I’ve seen bold entrepreneurs in financial services too- Aditya Puri, Deepak Parekh, etc. Of course, you have to be careful because you are dealing with other people’s money. I think if you have the right intent and team, things will be fine. We are thinking long term, even Flipkart I never wanted to sell, I never imagined I would not be in Flipkart. But I think I want to do this for the long term, I’m here for the next 20 years at least…
Is that why you went all in, putting a significant amount of your personal wealth into the venture?
The only way I know to do things is to go all in.
It’s also a very interesting time for the startup ecosystem in India. 25 unicorns, over $20 billion invested so far.. What do you make of the current market?
Some of it is also driven by low interest rates, the stock markets are also doing well. I don’t think it is going away. The market opportunity of India is very strong, valuations are a reflection of the future earnings, consumer base, and tech penetration. A billion internet users of 5G, with a $5 trillion economy, globally connected and tech productivity - the opportunity this opens up. Tech is transforming everything.
Do you miss angel investing, especially in a market like this?
I did a lot of angel investing but I didn’t enjoy it as much. I love being an operator.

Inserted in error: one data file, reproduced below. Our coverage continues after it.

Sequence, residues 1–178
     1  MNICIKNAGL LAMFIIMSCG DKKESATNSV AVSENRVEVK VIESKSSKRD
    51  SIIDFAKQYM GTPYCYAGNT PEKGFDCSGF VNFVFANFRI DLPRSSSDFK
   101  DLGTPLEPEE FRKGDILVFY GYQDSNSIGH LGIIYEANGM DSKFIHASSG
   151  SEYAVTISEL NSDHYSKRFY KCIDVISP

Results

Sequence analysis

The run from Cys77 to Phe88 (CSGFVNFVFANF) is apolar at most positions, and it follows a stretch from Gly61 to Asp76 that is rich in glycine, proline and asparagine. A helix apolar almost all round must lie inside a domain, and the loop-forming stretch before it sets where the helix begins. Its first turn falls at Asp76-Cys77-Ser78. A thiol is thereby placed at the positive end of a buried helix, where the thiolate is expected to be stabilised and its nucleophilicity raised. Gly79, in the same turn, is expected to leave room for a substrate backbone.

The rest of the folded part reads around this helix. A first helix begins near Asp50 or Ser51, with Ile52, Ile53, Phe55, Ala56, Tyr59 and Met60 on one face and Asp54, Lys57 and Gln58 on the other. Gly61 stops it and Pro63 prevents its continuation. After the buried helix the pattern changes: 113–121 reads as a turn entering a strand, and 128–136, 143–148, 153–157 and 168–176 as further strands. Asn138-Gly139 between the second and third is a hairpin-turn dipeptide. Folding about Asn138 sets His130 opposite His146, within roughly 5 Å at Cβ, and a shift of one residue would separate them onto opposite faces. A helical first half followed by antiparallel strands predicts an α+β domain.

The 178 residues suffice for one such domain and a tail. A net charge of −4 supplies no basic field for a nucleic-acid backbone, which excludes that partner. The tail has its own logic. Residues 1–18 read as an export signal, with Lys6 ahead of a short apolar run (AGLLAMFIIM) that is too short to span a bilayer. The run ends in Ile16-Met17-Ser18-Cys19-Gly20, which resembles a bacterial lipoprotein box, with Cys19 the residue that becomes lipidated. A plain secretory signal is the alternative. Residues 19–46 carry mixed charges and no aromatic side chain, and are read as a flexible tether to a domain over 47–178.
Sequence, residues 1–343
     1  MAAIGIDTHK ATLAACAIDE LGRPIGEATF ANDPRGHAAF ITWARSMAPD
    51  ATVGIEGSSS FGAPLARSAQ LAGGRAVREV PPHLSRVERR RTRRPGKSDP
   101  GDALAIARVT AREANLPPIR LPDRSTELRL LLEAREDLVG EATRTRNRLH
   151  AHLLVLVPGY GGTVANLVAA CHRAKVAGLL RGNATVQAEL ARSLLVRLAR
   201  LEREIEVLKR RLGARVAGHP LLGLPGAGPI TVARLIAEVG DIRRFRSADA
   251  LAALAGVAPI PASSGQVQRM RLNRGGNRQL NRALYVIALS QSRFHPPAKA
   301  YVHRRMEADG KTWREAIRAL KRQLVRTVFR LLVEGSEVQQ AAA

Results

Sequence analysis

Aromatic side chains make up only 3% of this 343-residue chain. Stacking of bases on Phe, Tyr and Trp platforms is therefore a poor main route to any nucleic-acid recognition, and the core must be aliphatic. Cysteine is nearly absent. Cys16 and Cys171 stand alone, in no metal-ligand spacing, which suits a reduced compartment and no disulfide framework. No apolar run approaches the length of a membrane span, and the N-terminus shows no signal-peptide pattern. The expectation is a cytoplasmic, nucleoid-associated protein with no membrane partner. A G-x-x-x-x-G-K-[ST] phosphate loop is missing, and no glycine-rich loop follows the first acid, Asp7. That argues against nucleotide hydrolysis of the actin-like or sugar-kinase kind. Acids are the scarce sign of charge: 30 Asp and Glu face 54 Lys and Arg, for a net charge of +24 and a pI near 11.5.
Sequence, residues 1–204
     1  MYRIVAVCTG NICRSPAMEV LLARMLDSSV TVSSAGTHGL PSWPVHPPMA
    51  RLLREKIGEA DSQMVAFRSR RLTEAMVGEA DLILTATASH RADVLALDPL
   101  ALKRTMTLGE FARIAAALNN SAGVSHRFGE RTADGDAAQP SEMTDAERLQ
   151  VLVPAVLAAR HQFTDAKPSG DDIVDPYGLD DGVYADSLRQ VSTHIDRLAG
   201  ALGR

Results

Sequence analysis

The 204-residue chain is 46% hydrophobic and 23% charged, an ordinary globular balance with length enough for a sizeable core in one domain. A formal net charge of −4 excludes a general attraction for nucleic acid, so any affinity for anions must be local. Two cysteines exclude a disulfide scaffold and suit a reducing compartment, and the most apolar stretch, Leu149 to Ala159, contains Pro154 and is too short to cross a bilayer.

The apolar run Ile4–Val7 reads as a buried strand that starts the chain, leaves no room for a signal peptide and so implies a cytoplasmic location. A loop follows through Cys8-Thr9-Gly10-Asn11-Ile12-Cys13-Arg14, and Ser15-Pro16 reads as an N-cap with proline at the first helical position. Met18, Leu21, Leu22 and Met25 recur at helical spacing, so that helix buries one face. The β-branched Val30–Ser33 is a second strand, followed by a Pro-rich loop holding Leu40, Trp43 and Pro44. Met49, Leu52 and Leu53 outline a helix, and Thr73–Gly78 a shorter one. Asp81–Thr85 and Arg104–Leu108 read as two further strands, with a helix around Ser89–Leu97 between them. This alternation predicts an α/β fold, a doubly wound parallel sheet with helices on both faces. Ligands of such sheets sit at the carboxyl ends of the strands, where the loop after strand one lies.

Is it also tough for you to decide between Ola electric and Ather energy? I mean you’re an investor in both, so will you have both their scooters?
(Laughs) I have an Ather, I booked an Ola S1 as well.
Do you get time to catch up with Bhavish,(Ola founder Bhavish Aggarwal), he’s just a building away on the same campus?
We have chai in the garden below sometimes, we did meet last week.
Who do you look up to for advice?
Many people. Nandan Nilekani has been a great adviser, Manish Sabharwal, Anand Sinha, Nachiket Mor, Paresh Sukhtankar.
Have you become more philosophical as a person in the last couple of years? Going by your posts on social media, books you read? You recently said you read Awareness by Anthony De Mello
I was always into reading. It’s very varied, I picked up a calculus book recently.
Anything else you want to add?
I think at Navi we are very new, still early but very excited if we are given the opportunity to build a bank by RBI. We will do a tremendous job, of building something completely new that the world has never seen. India is the place for this.